- The whole episode is horrifying from Spock's perspective. Losing your mind, losing your self-control, hurting your friends...To make it worse, Heroic Willpower and The Power of Friendship have next to no effect.
- Kirk talks to Spock while the Vulcan is tensely clutching a knife behind his back. After this has been going on for several minutes, Kirk notices Spock's hand shaking and sees the knife in it. His tone sells that he has just realized something is horribly wrong. There are two possible explanations for the Vulcan's behavior, neither of them favorable.
- One possibility: Spock seems to be visibly struggling to keep himself from attacking Kirk. Whatever the pon farr is doing to Spock's mind, it's powerful enough that Spock, whose iron-clad mental discipline has been a plot point on several occasions, is barely able to restrain himself from murdering his best friend for no rational reason.
- Alternately, Spock didn't have the knife for attacking others. He's undergoing a very nasty descent into insanity with no apparent hope of escape. Kirk might have been one snapped nerve away from seeing his best friend commit suicide rather than die as a raving shell of his normal self.
- T'Pring picking Kirk as Spock's opponent. Unlike Kirk, a visitor with virtually no knowledge of Vulcan culture or customs, she knows full well that either Spock or his captain will have to die.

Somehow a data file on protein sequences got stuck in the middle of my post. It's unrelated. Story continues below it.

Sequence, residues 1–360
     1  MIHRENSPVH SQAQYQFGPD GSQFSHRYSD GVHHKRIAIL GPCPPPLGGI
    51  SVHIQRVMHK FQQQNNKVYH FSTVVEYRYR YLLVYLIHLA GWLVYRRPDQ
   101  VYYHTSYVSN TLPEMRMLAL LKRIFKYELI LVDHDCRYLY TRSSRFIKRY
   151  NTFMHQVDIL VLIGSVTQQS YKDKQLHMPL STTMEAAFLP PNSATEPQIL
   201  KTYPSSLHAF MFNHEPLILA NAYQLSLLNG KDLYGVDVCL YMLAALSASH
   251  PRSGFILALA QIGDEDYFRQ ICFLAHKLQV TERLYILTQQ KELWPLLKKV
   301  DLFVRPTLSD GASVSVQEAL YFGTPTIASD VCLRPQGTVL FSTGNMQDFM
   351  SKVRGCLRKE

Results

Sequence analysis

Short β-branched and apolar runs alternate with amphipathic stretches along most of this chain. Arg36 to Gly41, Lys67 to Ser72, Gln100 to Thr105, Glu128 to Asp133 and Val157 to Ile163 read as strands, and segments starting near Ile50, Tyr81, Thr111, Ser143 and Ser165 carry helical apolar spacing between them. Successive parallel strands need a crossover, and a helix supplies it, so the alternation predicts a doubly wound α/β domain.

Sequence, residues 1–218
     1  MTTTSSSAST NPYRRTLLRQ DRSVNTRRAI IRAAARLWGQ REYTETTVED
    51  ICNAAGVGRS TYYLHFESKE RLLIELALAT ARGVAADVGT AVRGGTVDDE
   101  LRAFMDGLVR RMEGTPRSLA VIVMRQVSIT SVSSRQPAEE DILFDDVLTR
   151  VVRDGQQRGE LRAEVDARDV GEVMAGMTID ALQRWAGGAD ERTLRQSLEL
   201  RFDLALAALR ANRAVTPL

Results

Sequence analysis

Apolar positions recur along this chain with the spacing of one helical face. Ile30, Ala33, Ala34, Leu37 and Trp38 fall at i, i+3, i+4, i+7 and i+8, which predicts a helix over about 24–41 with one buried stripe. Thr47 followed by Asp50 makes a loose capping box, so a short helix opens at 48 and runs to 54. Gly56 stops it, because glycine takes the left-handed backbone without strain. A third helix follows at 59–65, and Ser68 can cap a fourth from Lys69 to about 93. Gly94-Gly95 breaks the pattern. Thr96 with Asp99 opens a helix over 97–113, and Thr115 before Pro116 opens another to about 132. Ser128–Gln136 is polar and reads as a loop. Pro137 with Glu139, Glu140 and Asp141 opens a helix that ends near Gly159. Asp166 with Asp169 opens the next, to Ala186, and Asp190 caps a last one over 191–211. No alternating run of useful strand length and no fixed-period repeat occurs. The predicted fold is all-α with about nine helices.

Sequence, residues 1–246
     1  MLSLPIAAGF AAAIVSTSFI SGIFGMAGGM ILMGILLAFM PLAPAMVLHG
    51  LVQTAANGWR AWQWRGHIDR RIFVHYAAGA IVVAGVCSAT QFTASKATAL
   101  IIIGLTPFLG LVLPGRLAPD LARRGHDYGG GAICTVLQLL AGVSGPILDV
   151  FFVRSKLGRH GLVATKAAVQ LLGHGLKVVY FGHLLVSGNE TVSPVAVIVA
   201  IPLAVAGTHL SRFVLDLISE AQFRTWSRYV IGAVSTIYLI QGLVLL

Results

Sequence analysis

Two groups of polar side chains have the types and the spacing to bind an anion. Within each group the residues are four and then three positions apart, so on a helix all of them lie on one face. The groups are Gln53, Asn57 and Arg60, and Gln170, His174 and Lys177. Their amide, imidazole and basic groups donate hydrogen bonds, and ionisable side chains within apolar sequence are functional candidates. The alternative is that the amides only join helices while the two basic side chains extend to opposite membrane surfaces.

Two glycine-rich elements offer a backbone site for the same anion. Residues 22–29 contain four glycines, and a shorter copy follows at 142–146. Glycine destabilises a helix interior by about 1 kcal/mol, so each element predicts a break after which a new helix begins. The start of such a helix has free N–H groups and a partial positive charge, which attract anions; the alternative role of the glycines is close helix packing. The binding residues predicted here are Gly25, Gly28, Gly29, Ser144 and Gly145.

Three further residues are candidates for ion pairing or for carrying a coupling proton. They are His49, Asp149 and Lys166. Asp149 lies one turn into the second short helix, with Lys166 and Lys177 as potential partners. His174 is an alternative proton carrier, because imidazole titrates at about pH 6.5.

- Spock's very demeanor demonstrates the horrifying change that happens to a Vulcan in the blood fever. At one point, Kirk knocks him down. A second later, he's up again, crouching like a wild lion ready to pounce.
- Spock apparently kills Kirk, snapping himself out of the pon farr, and resolves to turn himself in. From what Spock tells T'Pau, it's clear that facing the Starfleet authorities is the least troubling thing about the disaster. The "I shall do neither" comment suggests that he is planning to commit suicide. (There's no death penalty for murder under Federation law.) Considering what is shown about Vulcan mental powers, self-induced Death by Despair is quite possible. On top of that, for all he knew, he had just killed his best friend!
- Almost everything about NOMAD, from its genocidal mission to "sterilize imperfect beings" to sending Spock into a mind meld induced Madness Mantra, to wiping Uhura's brain and then to killing Scotty when he tried to defend her.
- Regarding the above, every time Spock uses a mind-meld, he requires physical contact to get more than just brief impressions yet can break it at will (give-or-take a few seconds of mental preparation). Here, once his Madness Mantra begins, he slowly pulls back from NOMAD, but even after doing so the link doesn't break; Spock can't break it because NOMAD isn't letting him go. Thank god Kirk ordered NOMAD to stop.
- And there's no Reset Button for Uhura! In the James Blish novelization, NOMAD specifies that she still remembers her life experiences, but her ability to communicate, either through normal speech or "illogical" music, has been removed. Quite frightening to suddenly not know how to communicate with anyone.
- It's also the first in a series of adventures that showcase the unintended message of Star Trek: all the probes we send into space are either going come back to kill us (The Changeling, Star Trek: The Motion Picture), or accidentally wipe out entire civilizations (Friendship One).
- The agony booth from the episode that introduced the Mirror Universe.